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been indeed a dead man (for it was almost impossible that so sure a shot, though blinded with fury, should miss twice), but a sudden and violent return of old feelings, a momentary softening of the heart, seized Peppe: his Antonietta shielded the Frenchman with her body,her cheek lay against his,—and there was scarcely enough of his person exposed, to plant a bullet: he could not kill her,-- he could not draw the trigger: that momentary delay saved Vernet,-for, as the demon got the upper hand, and he was pressing the lock with his finger, a chasseur reached him, struck down the butt of his gun, and the bullet lodged in the cottage ceiling. When Vernet and Beauchamp ran out, their men had already secured Peppè Tosco and Pasquale: Vernet, on looking at the former, recognised him as the brigand he had fired at in the forest.

“What, old Grim!” cried he, “I believe you and I are old acquaintances. Oh, ho! your arm is wounded, eh? What, then, I hit you? I thought, by the nimbleness of your flight, that I had missed you as scandalously as you did me just now; but I find you owe me a shot. And pray who cut your head in this way!”

" That I did for him,” said one of the soldiers; “ for the dog would n't surrender.”

“Well, well! we must keep him from giving and receiving such compliments for the future. Home to quar. ters with him.”

The brigands were carried bound into the cottage: the feelings of Antonietta, which had been distracted by a variety of fears and interests, were now entirely concentrated in one point. She ran to Peppè Tosco; she wept over him, and stanched the blood that streamed down his face in torrents, with a handkerchief she tore from her neck. Some time passed ere Vernet could gain her attention ; and when he informed her that she must be removed with her companions, she silently placed herself by the side of her foster-father, and only by a sign expressed her readiness to depart. The old woman, who had looked upon the fearful scene with the most perfect apathy, when she found that she too was arrested, shrieked dreadfully, and called upon the Madonna to protect her innocence. The doors of the cottage were secured, and the procession moved off: on the road, Vernet tried to reassure and console Antonietta; but she answered not a word proceeding by the side of Peppè, with her eyes bent upon the ground.

When they arrived at the masseria, Vernet ordered that Peppè Tosco, Pasquale, and the old woman, should be confined bound as they were, in a strong room in the under part of the building: as they were proceeding thither, Antonietta supplicated to share the imprisonment of her foster-father; and he, on his part, gazed at her with commiseration, fearing, perhaps, the effects of French licentiousness, to which she was thus left exposed. If so, his fears were unfounded, for Vernet treated her with all the respect due to a young and innocent female: he assigned her a room apart from the rest, and made a country girl of the house attend upon her.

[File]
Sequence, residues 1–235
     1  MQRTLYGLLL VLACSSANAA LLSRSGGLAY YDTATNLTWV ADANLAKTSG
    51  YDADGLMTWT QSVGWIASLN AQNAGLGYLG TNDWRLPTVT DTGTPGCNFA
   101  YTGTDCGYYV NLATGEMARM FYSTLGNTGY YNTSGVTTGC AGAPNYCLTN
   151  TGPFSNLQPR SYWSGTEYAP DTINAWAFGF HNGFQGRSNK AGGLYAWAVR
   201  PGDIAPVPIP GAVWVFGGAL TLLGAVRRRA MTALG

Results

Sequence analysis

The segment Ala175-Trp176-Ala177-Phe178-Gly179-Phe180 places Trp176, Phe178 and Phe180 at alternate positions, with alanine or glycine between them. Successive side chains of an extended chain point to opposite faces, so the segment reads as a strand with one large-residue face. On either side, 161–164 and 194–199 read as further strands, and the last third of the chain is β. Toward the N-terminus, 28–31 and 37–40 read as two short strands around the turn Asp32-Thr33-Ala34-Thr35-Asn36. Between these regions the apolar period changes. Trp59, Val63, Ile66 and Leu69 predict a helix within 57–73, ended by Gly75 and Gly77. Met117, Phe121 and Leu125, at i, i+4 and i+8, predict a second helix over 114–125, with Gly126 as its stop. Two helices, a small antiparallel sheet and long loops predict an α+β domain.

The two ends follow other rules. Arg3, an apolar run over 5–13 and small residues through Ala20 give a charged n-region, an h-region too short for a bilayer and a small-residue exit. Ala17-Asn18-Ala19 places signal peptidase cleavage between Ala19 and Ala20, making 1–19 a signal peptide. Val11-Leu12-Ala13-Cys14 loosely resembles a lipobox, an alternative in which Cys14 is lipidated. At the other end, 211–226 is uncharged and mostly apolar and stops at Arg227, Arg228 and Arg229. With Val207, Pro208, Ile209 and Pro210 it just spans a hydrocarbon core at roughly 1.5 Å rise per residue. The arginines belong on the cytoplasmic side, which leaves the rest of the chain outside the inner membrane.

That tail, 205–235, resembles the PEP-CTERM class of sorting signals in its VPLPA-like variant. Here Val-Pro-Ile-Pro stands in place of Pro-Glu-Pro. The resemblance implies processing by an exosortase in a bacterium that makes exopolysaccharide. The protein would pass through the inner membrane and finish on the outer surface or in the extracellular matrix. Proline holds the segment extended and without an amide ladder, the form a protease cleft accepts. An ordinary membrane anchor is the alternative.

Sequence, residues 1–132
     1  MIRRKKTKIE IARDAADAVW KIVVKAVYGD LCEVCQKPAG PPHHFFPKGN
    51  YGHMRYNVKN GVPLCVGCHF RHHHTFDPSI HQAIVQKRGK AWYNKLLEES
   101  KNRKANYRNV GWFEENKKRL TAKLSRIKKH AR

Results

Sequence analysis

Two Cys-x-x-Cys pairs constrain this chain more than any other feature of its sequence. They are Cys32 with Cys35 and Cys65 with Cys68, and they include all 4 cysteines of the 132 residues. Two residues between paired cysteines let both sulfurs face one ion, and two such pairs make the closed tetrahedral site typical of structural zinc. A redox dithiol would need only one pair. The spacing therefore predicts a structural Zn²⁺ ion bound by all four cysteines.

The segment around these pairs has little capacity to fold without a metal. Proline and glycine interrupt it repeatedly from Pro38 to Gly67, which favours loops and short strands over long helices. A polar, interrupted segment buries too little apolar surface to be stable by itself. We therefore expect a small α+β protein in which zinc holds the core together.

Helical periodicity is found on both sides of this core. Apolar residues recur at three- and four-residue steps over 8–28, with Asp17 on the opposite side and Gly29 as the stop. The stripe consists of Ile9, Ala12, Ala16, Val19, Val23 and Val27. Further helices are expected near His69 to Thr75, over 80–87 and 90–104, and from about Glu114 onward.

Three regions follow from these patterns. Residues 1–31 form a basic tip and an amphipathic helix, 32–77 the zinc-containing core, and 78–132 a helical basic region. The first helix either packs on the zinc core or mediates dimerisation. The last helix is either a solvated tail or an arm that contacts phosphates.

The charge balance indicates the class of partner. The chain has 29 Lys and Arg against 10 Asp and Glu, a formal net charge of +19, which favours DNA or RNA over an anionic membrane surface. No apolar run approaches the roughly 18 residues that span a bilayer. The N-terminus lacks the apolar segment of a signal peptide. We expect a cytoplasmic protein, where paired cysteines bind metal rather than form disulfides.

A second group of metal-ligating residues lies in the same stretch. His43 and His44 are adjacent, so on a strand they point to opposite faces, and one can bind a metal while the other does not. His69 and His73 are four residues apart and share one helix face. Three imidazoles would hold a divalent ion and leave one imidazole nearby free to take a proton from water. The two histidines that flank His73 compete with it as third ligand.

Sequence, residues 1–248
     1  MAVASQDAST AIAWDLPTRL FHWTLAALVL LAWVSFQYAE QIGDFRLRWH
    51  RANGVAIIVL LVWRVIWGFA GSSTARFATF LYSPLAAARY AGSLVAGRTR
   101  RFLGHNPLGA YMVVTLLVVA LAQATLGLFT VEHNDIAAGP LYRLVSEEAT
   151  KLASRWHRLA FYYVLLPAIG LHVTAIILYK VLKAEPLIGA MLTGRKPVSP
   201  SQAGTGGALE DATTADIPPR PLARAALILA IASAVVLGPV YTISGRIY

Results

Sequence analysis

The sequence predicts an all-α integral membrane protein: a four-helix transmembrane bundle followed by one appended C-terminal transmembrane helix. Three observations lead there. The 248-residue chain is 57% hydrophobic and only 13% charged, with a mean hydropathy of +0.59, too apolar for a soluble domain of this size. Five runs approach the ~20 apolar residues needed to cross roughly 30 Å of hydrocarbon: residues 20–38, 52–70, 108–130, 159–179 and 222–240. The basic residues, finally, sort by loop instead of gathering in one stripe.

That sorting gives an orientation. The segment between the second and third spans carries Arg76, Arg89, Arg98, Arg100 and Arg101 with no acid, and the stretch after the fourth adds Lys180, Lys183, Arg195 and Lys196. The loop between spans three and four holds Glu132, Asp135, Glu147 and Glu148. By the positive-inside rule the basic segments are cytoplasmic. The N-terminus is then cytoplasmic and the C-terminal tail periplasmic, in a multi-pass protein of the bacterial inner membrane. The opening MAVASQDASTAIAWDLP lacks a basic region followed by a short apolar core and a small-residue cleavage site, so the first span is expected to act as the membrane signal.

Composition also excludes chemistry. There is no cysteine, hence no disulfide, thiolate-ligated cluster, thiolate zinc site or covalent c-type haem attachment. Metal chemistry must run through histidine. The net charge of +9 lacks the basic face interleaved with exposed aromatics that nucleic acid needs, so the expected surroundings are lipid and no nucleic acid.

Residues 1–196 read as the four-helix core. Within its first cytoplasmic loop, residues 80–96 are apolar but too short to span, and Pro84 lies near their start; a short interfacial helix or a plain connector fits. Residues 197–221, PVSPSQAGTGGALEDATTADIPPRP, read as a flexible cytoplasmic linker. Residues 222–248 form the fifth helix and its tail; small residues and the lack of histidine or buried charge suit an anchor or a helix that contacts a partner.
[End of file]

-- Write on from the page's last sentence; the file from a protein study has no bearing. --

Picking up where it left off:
The next morning, the officers summoned Peppe Tosco before them, as they were anxious to examine him, before they committed him to the prison of Nicastro. He appeared in their presence, sullen and determined; he refused to answer their interrogations, and only protested that he attempted to defend his house and the honour of his daughter, from their assaults; that the wound in his arm, and an imagined likeness to a brigand in the forest, proved nothing; and that they, in justice, ought to release him immediately. Pasquale and Annarella were then questioned, and with more success: their feebler spirits were dashed; and hoping to obtain pardon as the price of evidence against their superior, they made an ample confession. It principally imported that Peppè Tosco was one of the leaders of Benincasa's horde; that he had been a brigand from his boyhood; that he was stained with several murders and robberies; and that Antonietta was not his daughter, but the child of a gentleman and lady, who had been destroyed as they were travelling through Calabria fourteen or fifteen years before.

The latter part of the confession was what most interested Vernet, and his eager questions elicited further details. Pasquale related circumstantially the attack made on a foreigner's family on the skirts of the forest; the discharge of one gun killed husband and wife, and a wretch had pointed his pistol at the child, when the

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